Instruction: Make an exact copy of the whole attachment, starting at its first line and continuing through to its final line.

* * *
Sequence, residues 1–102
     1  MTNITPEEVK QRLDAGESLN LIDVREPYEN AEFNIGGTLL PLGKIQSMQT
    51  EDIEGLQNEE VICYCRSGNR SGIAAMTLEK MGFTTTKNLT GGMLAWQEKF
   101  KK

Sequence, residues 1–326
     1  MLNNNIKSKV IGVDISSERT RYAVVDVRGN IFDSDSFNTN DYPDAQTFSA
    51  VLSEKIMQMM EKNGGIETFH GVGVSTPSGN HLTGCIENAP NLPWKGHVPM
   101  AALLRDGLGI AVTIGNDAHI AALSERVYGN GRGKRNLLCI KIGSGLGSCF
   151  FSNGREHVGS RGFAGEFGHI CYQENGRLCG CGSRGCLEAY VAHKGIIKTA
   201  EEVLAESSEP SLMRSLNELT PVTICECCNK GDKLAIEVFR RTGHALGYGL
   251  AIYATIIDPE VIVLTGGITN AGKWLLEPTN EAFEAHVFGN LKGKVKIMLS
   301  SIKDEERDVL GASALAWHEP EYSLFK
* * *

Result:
Sequence, residues 1–102
     1  MTNITPEEVK QRLDAGESLN LIDVREPYEN AEFNIGGTLL PLGKIQSMQT
    51  EDIEGLQNEE VICYCRSGNR SGIAAMTLEK MGFTTTKNLT GGMLAWQEKF
   101  KK

Sequence, residues 1–326
     1  MLNNNIKSKV IGVDISSERT RYAVVDVRGN IFDSDSFNTN DYPDAQTFSA
    51  VLSEKIMQMM EKNGGIETFH GVGVSTPSGN HLTGCIENAP NLPWKGHVPM
   101  AALLRDGLGI AVTIGNDAHI AALSERVYGN GRGKRNLLCI KIGSGLGSCF
   151  FSNGREHVGS RGFAGEFGHI CYQENGRLCG CGSRGCLEAY VAHKGIIKTA
   201  EEVLAESSEP SLMRSLNELT PVTICECCNK GDKLAIEVFR RTGHALGYGL
   251  AIYATIIDPE VIVLTGGITN AGKWLLEPTN EAFEAHVFGN LKGKVKIMLS
   301  SIKDEERDVL GASALAWHEP EYSLFK